Air source heat pumps (ASHPs) might be heralded as the future of home heating, but as of yet, the UK's take-up of the renewable heating technology is one of the very worst in Europe.
In figures provided by the Europe Heat Pump Association to Greenpeace, out of 21 countries in Europe with data available, the UK comes in joint last — with some 32 times lower air source heat pump sales than Norway.
Investing in an air source heat pump as a replacement for a traditional gas boiler is undoubtedly set to become one of the main options for the future of homes in the UK, given a gas boiler ban on the horizon, however, it's not a straight forward swap.
The initial investment is high and it may require improvements to the fabric of a home to make it viable — which is often why installing an air source heat pump is more popular for new builds than retrofitting, at present.
However, air source heat pumps are hard to beat when it comes to producing renewable heating for the home, so if it's something you're considering for your build or renovation, we explore the pros and cons, plus all the key information you need to know in our complete guide to ASHPs.
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Pros and Cons of an Air Source Heat Pump
What are the Advantages of an Air Source Heat Pump?
- Unlike a gas boiler, an air source heat pump does not produce carbon when operating. While they do use electricity, ASHPs can be combined with solar PV panels for clean electricity
- Air source heat pumps have comparatively low running costs, especially when compared with off-grid fuels such as propane, oil or direct electric heating
- Air source heat pumps also work well with underfloor heating and low temperature radiators
- There are certain grants available the offset the costs of installing an air source heat pump, such as the Renewable Heat Incentive (RHI), along with new grants set to replace it when it ends in 2022.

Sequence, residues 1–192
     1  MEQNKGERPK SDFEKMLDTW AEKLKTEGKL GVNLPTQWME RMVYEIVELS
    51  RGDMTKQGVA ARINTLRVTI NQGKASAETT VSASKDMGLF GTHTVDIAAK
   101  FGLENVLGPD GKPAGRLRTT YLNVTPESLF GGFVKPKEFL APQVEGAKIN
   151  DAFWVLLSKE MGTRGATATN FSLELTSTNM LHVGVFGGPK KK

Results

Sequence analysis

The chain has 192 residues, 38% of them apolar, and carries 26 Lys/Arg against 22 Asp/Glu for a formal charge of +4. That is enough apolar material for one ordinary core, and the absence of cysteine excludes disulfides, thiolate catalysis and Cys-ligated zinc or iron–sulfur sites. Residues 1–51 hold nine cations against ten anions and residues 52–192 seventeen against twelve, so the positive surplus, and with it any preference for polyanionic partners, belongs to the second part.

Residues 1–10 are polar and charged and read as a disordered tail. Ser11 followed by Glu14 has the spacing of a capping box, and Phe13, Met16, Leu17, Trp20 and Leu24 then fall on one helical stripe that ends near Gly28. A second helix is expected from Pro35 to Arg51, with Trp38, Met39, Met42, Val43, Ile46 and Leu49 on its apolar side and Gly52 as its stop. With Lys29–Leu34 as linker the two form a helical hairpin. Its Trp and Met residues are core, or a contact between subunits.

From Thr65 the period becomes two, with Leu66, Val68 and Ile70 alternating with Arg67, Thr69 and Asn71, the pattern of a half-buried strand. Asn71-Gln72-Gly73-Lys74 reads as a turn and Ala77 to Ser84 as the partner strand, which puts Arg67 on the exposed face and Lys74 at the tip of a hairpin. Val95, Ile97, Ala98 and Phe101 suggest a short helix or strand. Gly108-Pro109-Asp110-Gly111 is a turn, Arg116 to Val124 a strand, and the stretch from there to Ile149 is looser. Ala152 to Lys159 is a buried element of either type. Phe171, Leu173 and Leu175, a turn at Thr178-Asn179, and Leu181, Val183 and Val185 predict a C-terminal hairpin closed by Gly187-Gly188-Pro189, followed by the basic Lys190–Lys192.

What are the Disadvantages of an Air Source Heat Pump?
- They are not a ‘one-size-fits-all’ solution and may not be suitable for every home in the same way as gas boilers are. They're ideally paired with well-insulated, airtight homes.
- Electricity is still needed to power an air source heat pump. This will likely increase your electricity bills, but decrease other heating costs. Campaigners are currently asking the government to move environmental levies off of electricity bills with the focus on air source heat pumps, to ensure that it's always cheaper to run a heat pump than a gas boiler.
- It is essential to design and specify the system correctly and ideally the insulation, airtightness and emitters (typically underfloor heating or carefully sized radiators) of the property should be optimised, to allow you to get the most out of your air source heat pump.
- The bigger the difference between the outside air and the target temperature (either the indoor room temperature or domestic hot water), the lower the efficiency.
How Does an Air Source Heat Pump Work?
A ground source heat pump may reach 42 decibels, and an air source heat pump may reach 40 to 60 decibels, but this depends on manufacturer and installation, according to Quiet Mark, which certifies the quietest heat pumps.
Although an air source heat pump replaces a boiler as the home’s heat source, the way it works is very different.
An air source heat pump does not create heat. It simply moves it from one place to another through the vapour compression cycle (or refrigeration process) to make it more useable. Heat from the air gets absorbed into a fluid, which causes it to ‘boil’ and become a gas.
The gas is then compressed, raising its temperature. The higher temperature is then transferred into the heating system. High temperatures require more work from the compressor and therefore result in lower system efficiencies.
There are two main types of air source heat pumps:
- Air to water heat pumps are used in wet central heating systems (sometimes, but not always replacing the whole system) to heat radiators, underfloor heating and generate hot water.